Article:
Enforcing “Decency” in Gaming

Bullies

Bullying is Wrong!

Now it’s not something that troubles me deeply but thanks to ShortyMonster for bringing the interesting topic of immature misogyny and bullying in gaming, to my attention.

The article is certainly worth reading before bothering with my views on the matter anyway.

Don’t worry, my views will still be here when you’re done.

As Shorty says, it’s far more of a problem in online gaming than tabletop roleplaying and I’ll say the same for LARP.

The LRP systems I have been involved in are pretty much self policing when it comes to bullying in general.

Yes, I’ve heard horror stories from some of the ladies I larp with; strange men trying to get in their tents and the like and a refusal from some to take “No” as an answer, but all of the anecdotes have usually ended with “But then so-and-so walled them up and they never bothered me again”.

That’s one of the things I like about LARP, there’s a real sense of community and a warm and fluffy “help each other out attitude” from most of the people I’ve met through LRP.

(Sickeningly sweet I know, who would have thought I could do saccharine… where’s my Insulin?)

The problem is a very real one when it comes to online gaming though.

Whether deathmatching the latest FPS blockbuster or trawling through quests in your favourite MMO you are bound to come across griefing of one kind or another.

Tough Love

Tough Love?

The article above is a call-to-arms for us to stop that kind of misogynist behaviour.

Specifically a call to the mature adult male gamer – which isn’t as contradictory as it first sounds, after all, the major culprits of the griefing detailed in the article, already treat anything that a lady says with contempt.

I’m very much more of a solo gamer than a social one.

Sure, I’ll play a few hours of FPS online with friends and even have one or two XBox Live “friends” who I have only ever interacted with via multiplayer gaming; it’s also worth noting that I’ve never bought into the whole MMO mentality though.

One of the things that has put me off online gaming is the very attitude that the article writes about.

Anonymous, puerile abuse spouted over your headset as you’re trying to enjoy your game of choice.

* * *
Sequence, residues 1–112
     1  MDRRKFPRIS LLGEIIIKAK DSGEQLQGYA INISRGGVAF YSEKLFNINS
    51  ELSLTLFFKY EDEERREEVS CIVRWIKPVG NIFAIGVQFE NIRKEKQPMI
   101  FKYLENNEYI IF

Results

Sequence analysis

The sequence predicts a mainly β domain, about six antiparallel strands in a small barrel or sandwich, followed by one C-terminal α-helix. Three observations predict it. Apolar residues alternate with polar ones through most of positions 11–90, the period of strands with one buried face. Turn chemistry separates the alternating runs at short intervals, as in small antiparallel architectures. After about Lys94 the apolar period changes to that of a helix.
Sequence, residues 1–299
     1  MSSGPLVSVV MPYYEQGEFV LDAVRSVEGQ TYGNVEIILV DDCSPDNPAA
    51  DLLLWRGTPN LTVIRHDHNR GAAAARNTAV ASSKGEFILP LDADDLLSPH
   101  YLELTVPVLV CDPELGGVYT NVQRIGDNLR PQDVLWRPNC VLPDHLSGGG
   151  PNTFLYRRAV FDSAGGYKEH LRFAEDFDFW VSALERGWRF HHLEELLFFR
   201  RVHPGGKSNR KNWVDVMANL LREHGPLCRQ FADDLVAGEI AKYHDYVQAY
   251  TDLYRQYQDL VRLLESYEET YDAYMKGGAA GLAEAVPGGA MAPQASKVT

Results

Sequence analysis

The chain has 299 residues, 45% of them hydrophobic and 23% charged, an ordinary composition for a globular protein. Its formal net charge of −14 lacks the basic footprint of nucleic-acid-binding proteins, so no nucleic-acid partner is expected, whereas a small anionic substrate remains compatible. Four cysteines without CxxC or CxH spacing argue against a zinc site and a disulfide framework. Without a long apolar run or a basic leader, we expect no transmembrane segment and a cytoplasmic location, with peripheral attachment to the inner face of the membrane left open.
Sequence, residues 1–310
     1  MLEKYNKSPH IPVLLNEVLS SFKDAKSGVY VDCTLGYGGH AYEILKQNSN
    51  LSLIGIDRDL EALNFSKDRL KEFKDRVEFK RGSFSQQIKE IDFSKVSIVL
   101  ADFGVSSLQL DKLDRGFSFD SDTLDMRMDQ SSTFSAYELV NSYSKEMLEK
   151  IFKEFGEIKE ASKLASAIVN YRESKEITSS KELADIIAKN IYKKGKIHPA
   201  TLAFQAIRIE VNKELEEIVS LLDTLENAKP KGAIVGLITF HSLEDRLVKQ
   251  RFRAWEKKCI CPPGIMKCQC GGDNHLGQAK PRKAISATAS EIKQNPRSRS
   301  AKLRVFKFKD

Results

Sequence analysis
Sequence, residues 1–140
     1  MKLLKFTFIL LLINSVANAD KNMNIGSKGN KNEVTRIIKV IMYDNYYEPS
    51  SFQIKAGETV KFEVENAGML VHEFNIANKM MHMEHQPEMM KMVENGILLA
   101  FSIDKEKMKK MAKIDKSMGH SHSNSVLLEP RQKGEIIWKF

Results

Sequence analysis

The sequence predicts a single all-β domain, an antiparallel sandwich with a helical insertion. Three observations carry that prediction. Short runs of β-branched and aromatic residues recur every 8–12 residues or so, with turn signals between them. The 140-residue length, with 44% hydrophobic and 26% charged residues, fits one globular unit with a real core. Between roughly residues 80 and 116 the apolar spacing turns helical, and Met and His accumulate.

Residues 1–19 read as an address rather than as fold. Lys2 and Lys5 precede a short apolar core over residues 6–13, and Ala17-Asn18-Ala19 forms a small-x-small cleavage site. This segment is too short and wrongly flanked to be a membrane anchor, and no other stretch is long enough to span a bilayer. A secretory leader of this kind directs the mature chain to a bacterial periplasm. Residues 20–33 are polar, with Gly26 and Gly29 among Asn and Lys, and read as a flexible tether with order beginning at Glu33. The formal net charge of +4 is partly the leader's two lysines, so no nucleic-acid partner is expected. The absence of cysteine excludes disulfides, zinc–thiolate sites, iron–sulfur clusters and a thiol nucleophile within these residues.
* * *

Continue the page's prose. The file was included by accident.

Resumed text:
There’s only so much of that kind of constant babble that I can take without losing the will to continue playing.

You don’t hear it so much when you’re in your own party but if you log onto random arenas you can guarantee that it will start as soon as one of the gamers is revealed to be a lady.

Lady gamer friends have told me of occasions where they end up being fragged by some loser on their own team as soon as they speak… and that is just unacceptable.

So I agree with the sentiment.  Join the call to arms and stamp out this immature and prejudiced attitude wherever you find it.

Would you let someone talk that way to your Mother, Sister or Lover?

Block them, report them and if you’re feeling brave let them know they’re out of order… the worst they can do is give you grief in return and that’s what the Mute option is for!

(Erm… that last statement maybe isn’t that accurate… as this article from 2010 tells us… stay safe people)

I’d be interested to hear other opinions from gamers on this subject, regardless of gender.

 

 

 

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5 thoughts on “Enforcing “Decency” in Gaming

  1. A friend has just reminded me the problems that Anita Sarkeesian had earlier this year when she ran a Kickstarter to fund research into “Gender Tropes in Video Games”.

    She ended up receiving a whole world of abuse from internet bullies, woman-haters and similar ‘tards. Thankfully she managed to turn it round and get the funding she needed but she still had to endure the worst the web has to offer.

    At the end of the Call to Arms article, there is a link to gamersagainstbigotry.org but it seems even that has come under attack by the same level of internet hatemonging.

    Unfortunately, the database of pledges was deleted by hackers, causing us to go from nearly 1500 pledges to ZERO … Attempts to restore the database have been met by repeated attacks, rendering the pledge component of the site essentially useless. We’re not sure how the exploit was completed, so until we figure it out we ask that instead of signing the pledge (because the signatures will all be lost again) you donate to our indiegogo fundraiser to help us fight back.

    A group of narrow-minded, childish individuals are attempting to silence us, and so far doing a great job at it. Let your voice be heard.

    So it isn’t just badly-developed-boys behind all this… but badly-developed-boys with leet hacksor skillz and a will to take their bullying to the nth degree… and that is something very difficult to fight.

    My friend also pointed me at this compilation of the types of abuse lady gamers see often.

  2. Pingback: Troll Hunting on Twitter « Armaitus on…

  3. The social contact required for table top gaming and LARP, for most people at least, fosters a sense of maturity and respect for people. My gaming group does not consist of a bunch of names, those names have faces & personalities and I have memories associated with them, mostly good memories and the same applies at LARP (although a bigger crowd means there are more exceptions to this rule at LARP).

    Playing online grants the user total anonymity. The user name means nothing to anyone and it’s easy to be brave when you know the person you’re victimising can’t see you or find you in real life. It’s also easier to be nasty when the only consequence you will see is your victim logging off, In a real world situation, such as LARP or table top gaming, the consequences of your actions are there to see, whether they be violent or emotional, you still have to deal with them in person. Online gaming protects you from all of that.

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